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Niemann-Pick disease overview
Niemann-Pick disease is a term for a group of lysosome storage diseases that affect metabolism and that are caused by genetic mutations. The three most commonly recognized forms are Niemann-Pick Types A, B and C.
Niemann-Pick Types A and B (NPA and NPB), also called Acid Sphingomyelinase Deficiency (ASMD), are caused by the deficiency of a specific enzyme, acid sphingomyelinase (ASM). This enzyme is found in special compartments within cells called lysosomes and is required to metabolize a lipid called sphingomyelin. If ASM is absent or not functioning properly, sphingomyelin cannot be metabolized properly and is accumulated within the cell, eventually causing cell death and the malfunction of major organ systems.
NPA and NPB are both caused by the same enzymatic deficiency and there is a growing evidence that the two forms represent opposite ends of a continuum. People with NPA generally have little or no ASM production (less than 1% of normal) while those with NPB have approximately 10% of the normal level of ASM.
Forms of ASMD between these two extremes do occur, and the diagnosis is sometimes called intermediate NPD or Type A/B. There can be considerable overlap along the entire ASMD disease spectrum with symptoms ranging in onset, complexity and severity, and every patient's case is unique.
The clinical prognosis for NPA and NPB patients is very different. NPA is a severe neurologic disease that leads to an early death, usually by 2 to 4 years of age. In contrast, patients with NPB generally have little or no neurologic involvement and may survive into adulthood, though there may be health complications. Type B individuals usually have enlarged livers and spleens, and respiratory problems are common. The enlargement of organs and the respiratory problems can cause cardiovascular stress and can lead to heart disease.
There are approximately 1,200 cases of NPA and NPB world wide with the majority being Type B or an intermediate form.
Niemann-Pick Type C (NPC) is very different than Type A or B. NPC Patients are not able to metabolize cholesterol and other lipids properly within the cell. Consequently, excessive amounts of cholesterol accumulate within the liver and spleen and excessive amounts of other lipids accumulate in the brain. NPC causes a secondary reduction of ASM activity, which led all three types to be considered forms of the same disease.
There is considerable variation in when Type C symptoms first appear and in the progression of the disease. Symptoms may appear as early as a few months of age or as late as adulthood. Vertical gaze palsy (the inability to move the eyes up and down), enlarged liver, enlarged spleen, or jaundice in young children are strong indications that NPC should be considered. It is common for only one or two symptoms to appear in the early stages of the disease.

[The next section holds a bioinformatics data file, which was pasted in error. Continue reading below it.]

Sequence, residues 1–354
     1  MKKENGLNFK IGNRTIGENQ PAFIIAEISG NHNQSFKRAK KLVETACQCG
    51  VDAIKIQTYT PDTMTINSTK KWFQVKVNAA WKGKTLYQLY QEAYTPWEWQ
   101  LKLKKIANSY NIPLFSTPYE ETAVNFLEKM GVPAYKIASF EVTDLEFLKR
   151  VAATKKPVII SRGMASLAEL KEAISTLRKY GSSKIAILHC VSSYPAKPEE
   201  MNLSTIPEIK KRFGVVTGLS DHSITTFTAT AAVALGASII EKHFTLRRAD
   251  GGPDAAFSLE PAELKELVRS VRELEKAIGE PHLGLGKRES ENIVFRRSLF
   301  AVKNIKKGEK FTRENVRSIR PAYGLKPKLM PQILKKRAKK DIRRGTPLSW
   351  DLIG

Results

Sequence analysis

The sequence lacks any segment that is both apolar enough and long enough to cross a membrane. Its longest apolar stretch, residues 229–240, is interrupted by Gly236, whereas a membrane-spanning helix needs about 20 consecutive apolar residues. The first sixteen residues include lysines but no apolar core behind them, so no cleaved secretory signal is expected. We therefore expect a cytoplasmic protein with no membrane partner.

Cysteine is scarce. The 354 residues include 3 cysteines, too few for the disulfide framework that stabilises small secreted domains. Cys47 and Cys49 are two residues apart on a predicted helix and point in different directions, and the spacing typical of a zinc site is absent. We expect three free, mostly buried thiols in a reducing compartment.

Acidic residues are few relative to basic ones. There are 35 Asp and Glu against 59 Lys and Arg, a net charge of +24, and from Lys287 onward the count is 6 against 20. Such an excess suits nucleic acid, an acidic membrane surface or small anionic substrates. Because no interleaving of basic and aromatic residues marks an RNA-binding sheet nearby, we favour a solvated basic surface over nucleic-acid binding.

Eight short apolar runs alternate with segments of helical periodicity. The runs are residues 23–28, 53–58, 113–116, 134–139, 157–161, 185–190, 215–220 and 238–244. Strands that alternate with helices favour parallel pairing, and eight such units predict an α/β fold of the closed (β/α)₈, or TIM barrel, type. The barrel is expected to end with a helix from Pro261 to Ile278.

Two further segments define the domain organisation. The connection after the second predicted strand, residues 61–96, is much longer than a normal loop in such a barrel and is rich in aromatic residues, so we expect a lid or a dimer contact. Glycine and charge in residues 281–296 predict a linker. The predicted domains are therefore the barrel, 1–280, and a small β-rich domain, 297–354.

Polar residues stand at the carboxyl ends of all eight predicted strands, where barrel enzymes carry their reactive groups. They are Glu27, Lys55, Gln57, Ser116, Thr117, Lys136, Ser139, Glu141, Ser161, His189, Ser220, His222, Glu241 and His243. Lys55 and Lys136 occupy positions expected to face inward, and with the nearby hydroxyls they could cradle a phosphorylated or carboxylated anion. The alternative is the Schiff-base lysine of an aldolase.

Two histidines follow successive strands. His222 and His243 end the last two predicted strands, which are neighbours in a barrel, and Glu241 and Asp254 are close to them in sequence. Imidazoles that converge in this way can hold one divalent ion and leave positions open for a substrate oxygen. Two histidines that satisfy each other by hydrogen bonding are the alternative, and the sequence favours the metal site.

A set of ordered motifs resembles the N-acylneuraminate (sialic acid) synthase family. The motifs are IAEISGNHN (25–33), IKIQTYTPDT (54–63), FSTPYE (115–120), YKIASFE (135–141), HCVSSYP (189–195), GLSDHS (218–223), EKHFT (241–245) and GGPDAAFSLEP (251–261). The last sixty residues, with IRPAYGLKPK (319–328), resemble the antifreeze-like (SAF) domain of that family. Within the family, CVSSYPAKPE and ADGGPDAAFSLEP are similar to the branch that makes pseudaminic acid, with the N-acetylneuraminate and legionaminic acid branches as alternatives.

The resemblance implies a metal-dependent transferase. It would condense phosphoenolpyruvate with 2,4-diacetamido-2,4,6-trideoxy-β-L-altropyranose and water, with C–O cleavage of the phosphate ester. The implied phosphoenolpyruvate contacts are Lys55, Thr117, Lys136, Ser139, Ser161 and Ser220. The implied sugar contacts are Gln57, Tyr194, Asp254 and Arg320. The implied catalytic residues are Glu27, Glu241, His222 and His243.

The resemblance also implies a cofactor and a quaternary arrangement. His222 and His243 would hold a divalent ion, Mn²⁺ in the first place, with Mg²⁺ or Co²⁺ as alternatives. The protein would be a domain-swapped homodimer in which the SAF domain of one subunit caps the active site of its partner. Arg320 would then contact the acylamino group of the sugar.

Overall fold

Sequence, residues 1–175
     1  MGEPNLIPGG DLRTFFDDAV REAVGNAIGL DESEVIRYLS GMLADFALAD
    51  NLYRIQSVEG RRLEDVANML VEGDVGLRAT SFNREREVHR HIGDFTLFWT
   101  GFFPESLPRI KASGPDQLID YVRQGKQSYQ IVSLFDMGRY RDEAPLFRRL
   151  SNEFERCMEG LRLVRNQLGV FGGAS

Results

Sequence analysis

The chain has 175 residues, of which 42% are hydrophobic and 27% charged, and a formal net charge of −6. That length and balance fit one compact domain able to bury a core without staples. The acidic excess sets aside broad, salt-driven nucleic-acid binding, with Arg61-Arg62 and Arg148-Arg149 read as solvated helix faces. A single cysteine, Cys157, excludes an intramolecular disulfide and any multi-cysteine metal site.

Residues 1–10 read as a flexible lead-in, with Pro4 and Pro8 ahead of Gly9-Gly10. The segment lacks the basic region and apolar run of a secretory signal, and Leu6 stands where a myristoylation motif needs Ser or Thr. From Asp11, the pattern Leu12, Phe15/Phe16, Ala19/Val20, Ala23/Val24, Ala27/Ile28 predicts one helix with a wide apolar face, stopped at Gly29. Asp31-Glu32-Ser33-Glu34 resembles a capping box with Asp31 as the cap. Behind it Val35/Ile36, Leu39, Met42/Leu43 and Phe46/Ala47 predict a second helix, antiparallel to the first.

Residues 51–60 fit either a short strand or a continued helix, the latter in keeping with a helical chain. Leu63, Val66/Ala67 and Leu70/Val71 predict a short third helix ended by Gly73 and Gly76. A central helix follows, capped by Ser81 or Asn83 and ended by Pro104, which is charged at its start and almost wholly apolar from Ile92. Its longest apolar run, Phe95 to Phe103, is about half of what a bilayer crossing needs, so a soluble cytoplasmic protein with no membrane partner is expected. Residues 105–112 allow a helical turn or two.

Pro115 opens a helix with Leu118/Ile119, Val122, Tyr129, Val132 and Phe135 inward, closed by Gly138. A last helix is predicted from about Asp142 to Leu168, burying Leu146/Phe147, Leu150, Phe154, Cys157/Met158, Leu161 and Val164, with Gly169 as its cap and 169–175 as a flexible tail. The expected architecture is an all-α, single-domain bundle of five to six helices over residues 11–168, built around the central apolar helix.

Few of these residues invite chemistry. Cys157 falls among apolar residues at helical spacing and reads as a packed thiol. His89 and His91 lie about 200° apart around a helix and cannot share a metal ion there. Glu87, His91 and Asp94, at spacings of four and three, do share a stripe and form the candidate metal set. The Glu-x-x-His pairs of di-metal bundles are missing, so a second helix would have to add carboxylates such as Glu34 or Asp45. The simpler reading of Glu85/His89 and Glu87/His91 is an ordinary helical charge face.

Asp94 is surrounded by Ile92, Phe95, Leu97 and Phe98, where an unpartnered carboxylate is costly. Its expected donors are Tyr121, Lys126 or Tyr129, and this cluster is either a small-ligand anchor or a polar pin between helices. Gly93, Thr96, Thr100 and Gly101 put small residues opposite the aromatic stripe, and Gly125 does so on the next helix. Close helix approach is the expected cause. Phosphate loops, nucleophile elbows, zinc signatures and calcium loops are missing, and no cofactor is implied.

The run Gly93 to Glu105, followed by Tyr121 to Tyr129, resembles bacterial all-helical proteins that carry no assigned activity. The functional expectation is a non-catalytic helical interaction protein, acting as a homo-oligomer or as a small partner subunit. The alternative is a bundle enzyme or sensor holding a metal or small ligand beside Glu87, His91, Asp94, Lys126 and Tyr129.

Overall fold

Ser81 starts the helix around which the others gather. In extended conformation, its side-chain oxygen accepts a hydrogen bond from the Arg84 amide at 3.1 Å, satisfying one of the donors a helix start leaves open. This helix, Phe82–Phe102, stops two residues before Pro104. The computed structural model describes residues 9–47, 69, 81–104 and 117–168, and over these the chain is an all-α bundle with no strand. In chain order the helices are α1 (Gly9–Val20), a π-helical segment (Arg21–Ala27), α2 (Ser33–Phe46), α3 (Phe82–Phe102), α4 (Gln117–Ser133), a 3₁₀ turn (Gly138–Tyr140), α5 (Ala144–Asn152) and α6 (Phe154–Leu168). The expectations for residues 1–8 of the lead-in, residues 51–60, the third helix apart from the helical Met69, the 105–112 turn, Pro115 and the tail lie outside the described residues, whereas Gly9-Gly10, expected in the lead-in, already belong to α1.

In most cases, neurological symptoms begin appearing between the ages of 4 and 10. Generally, the later neurological symptoms begin, the slower the progression of the disease.
Type C Niemann-Pick disease has about 500 cases diagnosed worldwide. It is believe, however, that the number of people affected by NPC is higher, but diagnostic difficulties do not allow an accurate assessment of the occurrence rate. NPC has been initially diagnosed as a learning disability, mild retardation, "clumsiness," and delayed development of fine motor skills. it is not uncommon for a family to spend several years seeking a diagnosis before NPC is identified.
NPC is always fatal. The vast majority of children die before age 20 (and many die before the age of 10). Late onset of symptoms can lead to longer life spans but it is extremely rare for any person with NPC to reach age 40.
Niemann-Pick disease affects all segments of the population with cases reported from North America, South America, Europe, Africa, Asia, and Australia. However a higher incidence of has been found in certain populations:
• Ashkenazi Jewish population (NPA and NPB)
• French Canadian population of Nova Scotia (type D – now considered a variant of NPC)
• Maghreb region (Tunisia, Morocco, and Algeria) of North Africa (NPB)
• Spanish-American population of southern New Mexico and Colorado (NPC)
Diagnosis of Niemann-Pick disease
All types of Niemann-Pick are autosomal recessive, which means that children with the disease have two copies of the abnormal gene. Each parent carries one copy of the abnormal gene without having any signs of the disease themselves. Siblings of the parents may also be carriers of the abnormal gene.
When both parents are carriers of the abnormal gene, there is:
--a 1 in 4 chance that a child will have the disease
--a 1 in 2 chance that a child will be a carrier
--a 1 in 4 chance that a child will not have the disease and will not be a carrier
Carrier detection testing for all families is not yet reliable.
The mutations for Types A and B have been extensively studied, particularly among the Ashkenazi Jewish population, and DNA tests for these forms of Niemann-Pick disease are available. Antenatal diagnosis (diagnosis in the fetus) of Niemann-Pick disease is available in a limited number of centers.